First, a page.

75 years ago, my mother got married. She got a stone studded ring as a wedding gift from dad. Both the families were well-reputed and reasonably placed economically at that time. But luck has its own agenda and things changed. My parents wanted me to study but ran short of funds. Around 1963, they pledged the ring, for a loan of Rs. 450 against it, at a rate of 3% monthly interest cumulative. That’s how I could complete my education. I wasn’t aware of this loan. I accidentally found the pawnbroker’s note a couple of years later.
I completed my education in 1968 and got a job at a handsome salary of Rs.720 per month. Over a period of 5-6 years, the loan with compounded interest accrued to Rs.2,200. A new ring like that one could then be purchased for about Rs.1,100. My parents must’ve even forgotten the matter by this time. Anyway, financially it did not make sense to release the ring from the clutches of the moneylender. However, from my accrued initial savings, I got the ring released, as it was invaluable for mom. When I surprised mom with the ring, she could not believe it, tears rolled down and she sobbed for quite a while, probably for the unexpected surprise of getting back an invaluable item of sentimental value.
I lost my mother on Akshaya Trithiya, 24 April 2012, exactly two years ago. When her ornaments were distributed to her children, I preferred to retain just that stone studded ring my dad had given to mom at their wedding.
I was holding that ring today. The Ring started speaking. What the Ring said could hold true for anyone.
“Parents try their best to bring their children up, within affordable means and facilities available to them. They disciplined, gave pleasure, taught culture according to what they thought was best for you, from their point of view. It was all selfless and nothing was expected in return.”
The Ring continued to speak: “Forget not, you are holding your present status mainly due to the support of your parents, for which they pledged their wedding ring and even mangalsutra. They preferred to remain hungry to ensure that you are fed.
To value the care they had taken, wasn’t it your duty to have spent some more time with them to share and talk about things of their interest? Did you not deprive them of the respect and facilities they deserved, forgetting that they sacrificed all their life for your development?”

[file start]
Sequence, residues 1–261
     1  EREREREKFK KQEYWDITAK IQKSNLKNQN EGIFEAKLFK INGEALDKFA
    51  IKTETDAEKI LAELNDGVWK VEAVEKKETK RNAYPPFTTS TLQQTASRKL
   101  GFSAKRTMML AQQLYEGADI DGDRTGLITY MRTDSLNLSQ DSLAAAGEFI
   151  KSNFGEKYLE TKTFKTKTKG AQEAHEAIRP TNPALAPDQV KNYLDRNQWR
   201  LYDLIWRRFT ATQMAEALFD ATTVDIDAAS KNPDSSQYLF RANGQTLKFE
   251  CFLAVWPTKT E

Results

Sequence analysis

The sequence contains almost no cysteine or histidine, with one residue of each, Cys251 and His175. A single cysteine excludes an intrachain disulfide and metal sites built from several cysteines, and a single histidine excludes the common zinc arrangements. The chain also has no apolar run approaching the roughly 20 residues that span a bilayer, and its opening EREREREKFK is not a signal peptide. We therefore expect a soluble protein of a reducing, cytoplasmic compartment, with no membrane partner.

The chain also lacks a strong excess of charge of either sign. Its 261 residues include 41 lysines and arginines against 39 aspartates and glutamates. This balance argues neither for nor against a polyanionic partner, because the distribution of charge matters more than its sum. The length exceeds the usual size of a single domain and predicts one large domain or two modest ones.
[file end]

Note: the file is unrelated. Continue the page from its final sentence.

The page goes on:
The ring was true. I lost my father early in my life. While my mother was alive, every day, I thought I would shortly be free; retire from my business and spend some time with her.
Occasionally, I probably considered that spending time with parents was unproductive, boring, waste of time and even disgusting. Sometimes, I probably thought the parents were rigid and argued on matters irrelevant to the present environment. Why did I get these types of feelings about the people, who spent their whole life to bring me up, educate me and support me in building my career?
They were the ones who were next to me whenever I was ill; they were the ones who sacrificed their desires, just to ensure that my desires get fulfilled.
I probably failed to understand that as my parents were advancing in age, their level of energy and enthusiasm would reduce and they might not catch up with new lifestyle. I probably failed to give credit that they were more mature, better experienced and have higher understanding, without which they could not have guided me all through my life. I probably failed to appreciate that they had right to feel proud for whatever they have gone through to shoulder the family responsibilities so far. Silly, that I confused that as their ego. I probably had forgotten that they had already proven themselves while I still had to prove myself.
What a wrong notion I carried that I am extra smart. In fact, my parents sacrificed everything for me and still they honoured and appreciated me for whatever little I did. Alas, when my turn came to serve and honour them, I missed the golden opportunity to avail the win-win situation. Had I done that I would have lost nothing. I repent today.
Oh, my dear Mother’s Ring. Thank you for speaking out. Let me see whether I can at least express gratefulness to the living elders “for whatever they have done” and show them that “I care for you and your feelings”.
Author: Badri Baldawa
Editor: Meeta Kabra